Notes from an Anglo-Irish-German-Czech-American Jewish Atheist

This is the latest post in a series about a road trip to New Orleans that starts here.

Desra gave us a ride back to the Air B&B.  Inside, Lynn said pensively, “If I went to dinner in London with someone who was Afro Caribbean, I don’t think the subject of race would even come up—but we spent the whole dinner tonight talking about race.”

Of course they don’t have African Americans in England.  The race labels were confusing when I lived there, especially who was covered by “Asian.”  In Minnesota, Asians are Chinese, Japanese, Vietnamese, Cambodian, Lao, and Thai.  By far the largest group, the Hmong, are mountain tribes people from Laos, Vietnam, Thailand, and China—where they are called the Miao. That’s pronounced “meow.”  Our newest arrivals are the Karen, an ethnic group from Burma/Myanmar.

In England, an Asian is most likely from India, Pakistan, or Bangladesh.

Lynn herself is Anglo Indian because her ancestry is English and Indian.  Note that the Anglo comes first, whereas in the U.S., we say “African American” or “Muslim American.”

This labeling is all very fraught with the peril of offending one side or another.

“What if you were having dinner with a Pakistani or other Muslim?” I asked Lynn.  “Would race or religion be a theme in every angle of the conversation?”

“Hmmm…maybe,” replied Lynn. “Yes, that might be it.  It’s not that we don’t have prejudice in the UK.  But I think it’s the Muslim population that’s getting the brunt of the suspicion and animosity, especially since September 11 and seven seven.”

July 7, 2007—the day on which 52 people were killed and 700 injured on the London transport system in an Islamist terrorist attack.  I remember watching it on the news, in Spanish, from my bed in a hotel in Cusco, Peru, where I was vomiting my guts out into an ice bucket after eating some bad guinea pig. That’s a story for another post, but here’s a free tip for you: never use a hotel ice bucket for ice.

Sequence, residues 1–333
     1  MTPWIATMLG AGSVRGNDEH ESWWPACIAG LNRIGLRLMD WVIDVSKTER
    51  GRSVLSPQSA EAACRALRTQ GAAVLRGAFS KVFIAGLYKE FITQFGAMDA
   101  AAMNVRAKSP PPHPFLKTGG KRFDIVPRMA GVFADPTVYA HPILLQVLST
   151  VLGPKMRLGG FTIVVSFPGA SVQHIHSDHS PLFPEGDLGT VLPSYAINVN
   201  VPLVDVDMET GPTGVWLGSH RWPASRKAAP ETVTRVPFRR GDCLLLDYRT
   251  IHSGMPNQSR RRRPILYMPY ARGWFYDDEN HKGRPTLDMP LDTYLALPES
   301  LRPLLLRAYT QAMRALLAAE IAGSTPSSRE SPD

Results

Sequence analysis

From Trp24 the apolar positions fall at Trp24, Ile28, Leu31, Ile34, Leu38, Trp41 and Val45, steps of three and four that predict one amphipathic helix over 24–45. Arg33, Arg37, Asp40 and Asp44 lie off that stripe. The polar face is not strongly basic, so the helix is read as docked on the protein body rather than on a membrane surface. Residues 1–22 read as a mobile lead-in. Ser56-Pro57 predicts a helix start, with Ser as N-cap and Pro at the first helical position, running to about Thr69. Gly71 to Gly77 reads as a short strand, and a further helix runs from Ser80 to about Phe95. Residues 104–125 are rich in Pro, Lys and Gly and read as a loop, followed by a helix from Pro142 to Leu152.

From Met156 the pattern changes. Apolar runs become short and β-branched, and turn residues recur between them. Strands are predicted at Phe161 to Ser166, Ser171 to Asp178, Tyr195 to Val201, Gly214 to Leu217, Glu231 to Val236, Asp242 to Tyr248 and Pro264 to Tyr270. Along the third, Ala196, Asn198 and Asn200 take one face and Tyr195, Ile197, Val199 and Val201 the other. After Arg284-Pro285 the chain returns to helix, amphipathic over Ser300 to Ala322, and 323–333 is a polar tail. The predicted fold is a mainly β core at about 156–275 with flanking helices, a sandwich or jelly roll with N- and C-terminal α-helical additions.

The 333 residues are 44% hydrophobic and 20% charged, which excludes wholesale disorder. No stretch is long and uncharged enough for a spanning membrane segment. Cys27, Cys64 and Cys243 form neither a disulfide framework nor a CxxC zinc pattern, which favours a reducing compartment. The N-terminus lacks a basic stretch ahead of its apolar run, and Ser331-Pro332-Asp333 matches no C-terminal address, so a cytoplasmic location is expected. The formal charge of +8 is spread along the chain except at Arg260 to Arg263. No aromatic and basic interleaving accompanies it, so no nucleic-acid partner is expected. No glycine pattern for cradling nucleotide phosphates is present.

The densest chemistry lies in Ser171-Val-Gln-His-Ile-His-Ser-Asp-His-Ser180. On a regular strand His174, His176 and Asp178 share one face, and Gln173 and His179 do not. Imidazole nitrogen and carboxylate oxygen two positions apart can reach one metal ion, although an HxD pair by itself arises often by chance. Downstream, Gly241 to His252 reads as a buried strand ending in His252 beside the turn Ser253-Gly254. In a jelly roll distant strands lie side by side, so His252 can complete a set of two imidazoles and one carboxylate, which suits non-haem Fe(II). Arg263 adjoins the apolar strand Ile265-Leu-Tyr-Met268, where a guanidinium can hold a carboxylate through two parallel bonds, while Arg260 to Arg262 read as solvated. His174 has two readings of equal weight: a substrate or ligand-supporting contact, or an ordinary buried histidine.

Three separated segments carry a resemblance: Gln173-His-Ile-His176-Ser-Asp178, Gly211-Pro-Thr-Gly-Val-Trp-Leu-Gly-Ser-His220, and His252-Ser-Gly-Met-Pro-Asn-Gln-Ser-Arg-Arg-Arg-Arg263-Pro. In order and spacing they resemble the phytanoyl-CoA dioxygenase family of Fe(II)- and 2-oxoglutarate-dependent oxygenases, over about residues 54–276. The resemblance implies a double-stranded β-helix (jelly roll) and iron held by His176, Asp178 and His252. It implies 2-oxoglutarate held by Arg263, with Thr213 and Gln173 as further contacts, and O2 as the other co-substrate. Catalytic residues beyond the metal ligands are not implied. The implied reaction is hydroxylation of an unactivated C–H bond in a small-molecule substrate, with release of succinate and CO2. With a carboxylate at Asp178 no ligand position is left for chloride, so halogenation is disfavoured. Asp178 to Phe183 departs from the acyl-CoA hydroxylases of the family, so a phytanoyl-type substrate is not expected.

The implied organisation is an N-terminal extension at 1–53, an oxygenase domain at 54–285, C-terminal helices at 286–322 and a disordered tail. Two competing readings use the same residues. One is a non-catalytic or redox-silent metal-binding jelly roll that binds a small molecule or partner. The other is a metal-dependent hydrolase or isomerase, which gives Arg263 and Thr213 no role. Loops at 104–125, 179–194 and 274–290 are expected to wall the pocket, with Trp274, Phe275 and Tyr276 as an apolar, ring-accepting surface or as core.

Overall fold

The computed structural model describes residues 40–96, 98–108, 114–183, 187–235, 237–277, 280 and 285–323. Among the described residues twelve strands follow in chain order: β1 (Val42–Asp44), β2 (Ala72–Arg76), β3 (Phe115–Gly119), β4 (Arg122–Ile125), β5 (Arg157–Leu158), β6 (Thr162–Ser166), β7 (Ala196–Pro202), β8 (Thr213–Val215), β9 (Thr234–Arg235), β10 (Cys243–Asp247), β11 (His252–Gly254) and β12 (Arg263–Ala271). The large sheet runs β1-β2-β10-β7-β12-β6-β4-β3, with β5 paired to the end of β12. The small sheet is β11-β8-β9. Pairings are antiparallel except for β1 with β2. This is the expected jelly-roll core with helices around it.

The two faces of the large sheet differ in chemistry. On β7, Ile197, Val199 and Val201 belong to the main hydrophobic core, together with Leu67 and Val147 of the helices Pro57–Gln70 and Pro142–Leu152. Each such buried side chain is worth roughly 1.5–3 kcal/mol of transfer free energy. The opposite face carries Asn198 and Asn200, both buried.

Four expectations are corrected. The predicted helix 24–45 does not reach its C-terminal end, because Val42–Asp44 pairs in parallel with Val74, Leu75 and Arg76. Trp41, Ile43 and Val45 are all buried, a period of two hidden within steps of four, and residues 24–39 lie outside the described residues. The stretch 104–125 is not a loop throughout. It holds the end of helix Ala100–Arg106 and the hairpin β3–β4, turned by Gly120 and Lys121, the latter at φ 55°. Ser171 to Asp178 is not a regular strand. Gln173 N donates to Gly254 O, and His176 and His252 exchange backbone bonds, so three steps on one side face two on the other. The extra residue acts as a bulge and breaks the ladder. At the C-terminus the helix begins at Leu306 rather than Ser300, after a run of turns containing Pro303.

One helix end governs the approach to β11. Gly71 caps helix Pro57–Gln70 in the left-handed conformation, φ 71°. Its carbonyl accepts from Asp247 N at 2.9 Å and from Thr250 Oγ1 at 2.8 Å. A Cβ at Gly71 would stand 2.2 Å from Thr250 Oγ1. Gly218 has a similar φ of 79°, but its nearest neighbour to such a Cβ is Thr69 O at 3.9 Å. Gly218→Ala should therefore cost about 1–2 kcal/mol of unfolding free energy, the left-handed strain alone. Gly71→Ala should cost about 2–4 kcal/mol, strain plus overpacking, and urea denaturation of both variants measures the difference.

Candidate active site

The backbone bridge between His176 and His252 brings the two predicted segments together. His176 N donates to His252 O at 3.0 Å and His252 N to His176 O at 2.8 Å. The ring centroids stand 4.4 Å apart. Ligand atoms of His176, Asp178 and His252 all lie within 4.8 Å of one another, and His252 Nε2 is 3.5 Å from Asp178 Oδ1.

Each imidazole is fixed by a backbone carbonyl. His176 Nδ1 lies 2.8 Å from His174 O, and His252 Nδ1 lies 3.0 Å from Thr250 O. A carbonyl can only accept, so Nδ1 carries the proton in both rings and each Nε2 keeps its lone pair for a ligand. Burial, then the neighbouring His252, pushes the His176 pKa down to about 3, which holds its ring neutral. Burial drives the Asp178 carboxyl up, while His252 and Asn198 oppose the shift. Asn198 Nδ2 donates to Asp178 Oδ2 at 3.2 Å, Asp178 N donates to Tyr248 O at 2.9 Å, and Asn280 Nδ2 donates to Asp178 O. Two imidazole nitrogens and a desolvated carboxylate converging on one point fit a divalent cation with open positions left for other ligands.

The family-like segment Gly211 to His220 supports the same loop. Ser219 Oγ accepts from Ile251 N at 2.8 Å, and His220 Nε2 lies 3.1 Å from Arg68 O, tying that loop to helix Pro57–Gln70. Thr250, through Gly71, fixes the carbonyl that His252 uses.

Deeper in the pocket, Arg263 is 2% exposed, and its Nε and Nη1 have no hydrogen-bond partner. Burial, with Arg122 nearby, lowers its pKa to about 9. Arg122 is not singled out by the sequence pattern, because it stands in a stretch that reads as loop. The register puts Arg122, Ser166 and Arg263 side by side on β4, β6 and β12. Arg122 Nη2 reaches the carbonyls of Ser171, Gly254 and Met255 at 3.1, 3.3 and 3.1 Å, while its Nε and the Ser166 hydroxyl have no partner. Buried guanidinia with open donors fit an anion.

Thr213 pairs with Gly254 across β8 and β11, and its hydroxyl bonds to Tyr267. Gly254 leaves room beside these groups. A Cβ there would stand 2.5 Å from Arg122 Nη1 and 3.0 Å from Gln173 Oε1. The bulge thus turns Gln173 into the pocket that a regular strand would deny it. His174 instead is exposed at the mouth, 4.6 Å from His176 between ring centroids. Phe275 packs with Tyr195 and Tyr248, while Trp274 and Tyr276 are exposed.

We reference so much with these simple dates: 9/11, 7/7.   So much has changed.  In the U.S., half the population—the conservative half—replaced its constant fear of a mass attack by communists with fear of a Muslim attack, which has made possible the rise of a demagogue like Donald Trump.  The strange thing is, they don’t fear the white guy next door with 50 guns who just lost his job and his wife and is acting strangely—just “the Muslims.”

The third major terrorist attack in the west was 11-M, the train bombings in Madrid on March 11, 2004.  Almost 200 people were killed and 2,000 were injured.  I don’t remember where I was that day.  But I do vividly recall being in Spain sometime after 9/11 but before 11-M studying Spanish.  I was chatting with a British woman and somehow 9/11 came up.

“Now you lot know what we’ve been living with all these years from the IRA,” she said casually about the attack in which nearly 3,000 people died.

Back in St. Louis after a good night’s sleep, Lynn and I were preparing for our last day on the road.

“What do we do with the doughnuts?” she asked.

I carried the box out with us, thinking I would take them home to Vince.  Then I spotted a kid on the porch of the house next door and approached him.

“Hey kid, want a box of doughnuts?”  He was chubby and his eyes said Yes as he also backed away from me toward the door and called, “Daddy!”  The father came rushing outside, looking panicked. I could just picture myself at the police station: “No officer, really! I just wanted to give him the doughnuts; I wasn’t trying to lure him into my car.”

I offered the box to the father, who looked inside to make sure they really were doughnuts (I wonder what else he suspected could be inside?  Snakes?).  He looked up at me with a grin, thanked me, and the two of them hurried inside, where I could hear the boy calling out excitedly, “Mom! We got doughnuts!”

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